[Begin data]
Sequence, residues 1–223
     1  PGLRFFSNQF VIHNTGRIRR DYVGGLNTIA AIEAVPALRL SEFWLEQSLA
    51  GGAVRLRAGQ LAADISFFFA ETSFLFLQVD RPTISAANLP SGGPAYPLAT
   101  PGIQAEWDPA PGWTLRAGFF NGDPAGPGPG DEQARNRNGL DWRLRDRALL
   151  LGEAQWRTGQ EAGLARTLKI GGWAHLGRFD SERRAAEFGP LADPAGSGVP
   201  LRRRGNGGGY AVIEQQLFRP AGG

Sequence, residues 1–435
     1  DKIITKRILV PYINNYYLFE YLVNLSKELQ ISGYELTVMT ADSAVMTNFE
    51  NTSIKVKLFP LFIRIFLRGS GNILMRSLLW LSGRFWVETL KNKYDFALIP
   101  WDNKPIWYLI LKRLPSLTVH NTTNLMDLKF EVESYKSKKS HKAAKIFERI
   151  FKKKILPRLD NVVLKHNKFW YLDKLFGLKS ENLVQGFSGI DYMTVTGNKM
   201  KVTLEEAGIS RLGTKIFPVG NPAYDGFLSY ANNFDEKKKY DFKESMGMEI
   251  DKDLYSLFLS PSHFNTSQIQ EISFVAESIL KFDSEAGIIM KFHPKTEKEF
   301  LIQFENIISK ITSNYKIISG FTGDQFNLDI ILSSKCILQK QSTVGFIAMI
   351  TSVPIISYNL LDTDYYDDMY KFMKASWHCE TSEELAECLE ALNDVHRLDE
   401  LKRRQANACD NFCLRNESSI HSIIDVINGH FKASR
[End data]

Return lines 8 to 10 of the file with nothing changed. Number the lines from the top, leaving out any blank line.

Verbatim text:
     1  DKIITKRILV PYINNYYLFE YLVNLSKELQ ISGYELTVMT ADSAVMTNFE
    51  NTSIKVKLFP LFIRIFLRGS GNILMRSLLW LSGRFWVETL KNKYDFALIP
   101  WDNKPIWYLI LKRLPSLTVH NTTNLMDLKF EVESYKSKKS HKAAKIFERI